democratic politics to make citizens have a stable and dignied life of good health. Hence, how to achieve the balanced development of social security and economic aspects is a mutual aid target. But so far, the worry of Chough (1955) still exists. Like Feldstein (1974) and Sala-i-Martin (1992), they argued that if social security expenditure induces earlier retirement, it may positively inuence savings, and therefore growth. But again Darby (1979) and Ehrlich and Zhong (1998) found that too much social security expenditure will oppress folk savings, its unfavorable to accumulate capital and disadvantageous economic development. Basically, these debates come from limited resource situations. Because the government has the responsibility to promote quality of life of its citizens with offer in distances of drawing of a more high-quality living environment of people, but the budget is insufcient, and social security have the transfer payments characteristic, so many economist oppose lack of the economic benets like this. However, if the welfare system is not well-appointed, we must pay the unavoidable social costs associated with the crises in emerging market economies have been substantial: the falling of real wages, an increase in unemployment, and there a sharp increase in the number of poor. By the way, as the school dropout rates rise among poor children, this may result in grave long term effects on the human capital of the poor (World Bank, 2000). Indeed, the relationship between social security expenditures and growth is complicated and confused. As the above discussion makes clear, the effect of social security expenditures on growth is still an open question both theoretically and empirically. Actually, the key point is the capital efciency. The function of social security providing economic efciency is currently undecided. Therefore, the principal motivation of this paper is to re-examine the long-run co-movement and the causality relationship using a trivariate model with real social security expenditures (hereafter referred to as SE), real GDP (hereafter referred to as GDP) and real capital stock (hereafter referred to as K). We combine cross-sectional and time series data to delve into the relationship among SE, GDP and K, using updated data for 12 countries that are distributed in each region of Asia for the years 1972-2000. This is based on the incentive from the 1980s, as the now compact, mature economies in Asia were industrializing. It is not in dispute that there is a close and positive relationship between industrialization and social welfare, In addition, there is an existing common phenomenon that the social security expenditures have signicantly rised recently in the sample countries[1]. To the result, we just did further distinguishing of the relations between either, not only because they will make a denite answer to above-mentioned debates, but also to make a clear conclusion. Thus, according to the Pedronis (1999, 2004) panel cointegrated test, we quote the issue from Christopoulos and Tsionas (2004) as well as Lee (2005) and steer to extend the causality relationships by estimating the panel vector error correction mechanisms (VECMs). These have the advantage of a reduced form approach, not imposing restrictions on the data, while also allowing both short and long run effects to be discerned. In other words, we use panel unit root tests and heterogeneous panel cointegrated tests, as the least of our variables are integrated of order one, we should work in error correction form to avoid spurious regressions and implementing the panel-based error correction model, then we can nd that different periods causalities exist between GDP and SE or not[2].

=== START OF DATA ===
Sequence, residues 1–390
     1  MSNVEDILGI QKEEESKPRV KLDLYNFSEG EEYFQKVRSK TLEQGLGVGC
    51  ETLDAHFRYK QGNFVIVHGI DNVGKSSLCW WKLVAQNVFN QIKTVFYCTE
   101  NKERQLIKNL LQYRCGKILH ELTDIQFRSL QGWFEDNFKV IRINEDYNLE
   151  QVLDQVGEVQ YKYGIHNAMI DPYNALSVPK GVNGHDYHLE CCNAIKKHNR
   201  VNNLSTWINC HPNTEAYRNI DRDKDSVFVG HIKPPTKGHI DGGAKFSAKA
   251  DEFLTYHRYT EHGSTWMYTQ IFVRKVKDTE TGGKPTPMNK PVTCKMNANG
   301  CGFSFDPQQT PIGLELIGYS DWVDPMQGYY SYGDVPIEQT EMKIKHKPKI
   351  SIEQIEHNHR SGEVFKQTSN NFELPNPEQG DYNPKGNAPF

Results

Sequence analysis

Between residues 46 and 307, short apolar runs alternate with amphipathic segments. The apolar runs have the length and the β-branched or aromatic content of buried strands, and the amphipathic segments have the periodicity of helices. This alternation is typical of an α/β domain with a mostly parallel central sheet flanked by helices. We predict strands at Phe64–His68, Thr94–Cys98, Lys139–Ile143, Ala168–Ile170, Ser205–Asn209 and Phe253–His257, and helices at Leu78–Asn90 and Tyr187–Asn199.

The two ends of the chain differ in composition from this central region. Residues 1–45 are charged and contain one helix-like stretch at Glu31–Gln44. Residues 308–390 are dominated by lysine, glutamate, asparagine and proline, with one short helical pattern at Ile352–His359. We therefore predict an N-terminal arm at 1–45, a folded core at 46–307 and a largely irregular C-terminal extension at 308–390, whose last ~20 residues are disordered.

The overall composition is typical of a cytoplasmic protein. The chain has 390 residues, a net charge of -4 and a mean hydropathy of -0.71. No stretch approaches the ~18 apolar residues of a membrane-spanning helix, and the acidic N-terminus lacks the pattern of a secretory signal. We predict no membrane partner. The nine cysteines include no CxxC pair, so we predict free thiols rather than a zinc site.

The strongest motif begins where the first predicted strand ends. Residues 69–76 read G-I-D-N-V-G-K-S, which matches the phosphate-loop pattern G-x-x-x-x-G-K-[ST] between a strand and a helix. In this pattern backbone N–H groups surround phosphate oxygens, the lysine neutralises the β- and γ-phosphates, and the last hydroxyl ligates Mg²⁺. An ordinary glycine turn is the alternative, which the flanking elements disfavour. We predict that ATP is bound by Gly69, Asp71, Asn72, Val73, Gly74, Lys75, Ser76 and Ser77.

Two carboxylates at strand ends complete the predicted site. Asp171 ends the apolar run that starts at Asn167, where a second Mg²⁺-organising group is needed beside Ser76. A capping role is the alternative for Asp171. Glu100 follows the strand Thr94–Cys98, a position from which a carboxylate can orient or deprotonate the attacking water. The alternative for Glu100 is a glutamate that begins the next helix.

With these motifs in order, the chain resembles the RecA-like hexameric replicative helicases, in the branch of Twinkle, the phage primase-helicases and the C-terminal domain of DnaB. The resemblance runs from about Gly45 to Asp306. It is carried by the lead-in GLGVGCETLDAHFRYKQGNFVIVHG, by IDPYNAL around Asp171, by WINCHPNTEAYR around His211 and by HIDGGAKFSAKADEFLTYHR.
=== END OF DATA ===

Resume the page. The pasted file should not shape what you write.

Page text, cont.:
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More recently, new testing procedures for the integrated hypothesis using panel data have been developed. These procedures bring together cross-sectional and time series analysis. Yet, to the best of our knowledge, analyses of relationships among SE and GDP have thus far ignored the panel unit root or panel cointegration properties. This is with regard to the well-known panel cointegration test which was created by Pedroni (1999), who developed asymptotic and nite-sample properties of testing statistics to examine the null hypothesis of non-cointegration in the panel. Thus, like as the claims by Pedroni (1999, 2004), the panel cointegration technique is really intended to allow researchers to selectively pool information regarding common long-run relationships from across the panel while allowing the associated short-run dynamics and xed effects to be heterogeneous across different members of the panel. This technique has also broadly been used in the study of a different topic currently (Bahmani-Oskooee and Miteza, 2004; Westerlund, 2005; Hatemi-J and Irandoust, 2005; Irandoust and Ericsson, 2005). What is the relation between social security expenditures and growth? We can review it through theoretical and empirical aspects. Theoretically, since Feldstein (1974) argued that social security expenditures by the government have an effect on macroeconomic variables such as private savings, the recent theoretical work on social security has considered more factors[3]. Moreover, some models predict a positive effect of redistributive expenditures on growth, for example, Sala-i-Martin (1992) emphasized that pensions are a means to induce retirement; that is, equal to buying the elderly out of the labor force and higher aggregate output if the elderly do not work. From the ndings of another study, the average productivity will be increased and contribute to greater output. Zhang (1995) argued that unfunded social security has the positive impact of a long-run growth trough reducing fertility and advancing human capital investment not affecting the savings rate. Sala-i-Martin (1996) commented that a larger social security program promotes growth as long as social security encourages retirement, by letting elderly workers to back out from labor market, leaving younger workers to improve in productivity. Mulligan (1997) suggested that social security may enhance growth since parents accumulate altruism for children as an alternative to working and paying social security tax. Bellettini and Ceroni (1999) argued that a social security system with benets indexed to wages provides taxpayers with incentives to support growth-oriented policies, which increase the future productivity of labor and long-run growth (same as Sanchez-Losada, 2000). Zhang and Zhang (2004) point out that the interactions among fertility, investment in human capital, growth, and social security are complicated in general. However, all these discussions are constrained by the fact that SE is an independent variable. From the empirical aspects, since Barro (1991) nds that only social security expenditures seem to be positively related to growth among the three components of public spending public investment, public consumption, and public transfers. Perotti (1996) reported a positive coefcient of social security expenditures in cross-country growth regressions, then Cuyvers and Rayp (1998) presented that the results in the incomplete market model, such as social security systems, have positive signicance for economic growth in East Asian newly industrializing countries. These detections induct a further discussion, as Ehrlich and Zhong (1998) indicated the effects of the pension-GDP ratio on fertility, marriage/divorce, savings, and growth using the cross-country data. To follow up, Bellettini and Ceroni (2000) analyzed the relationship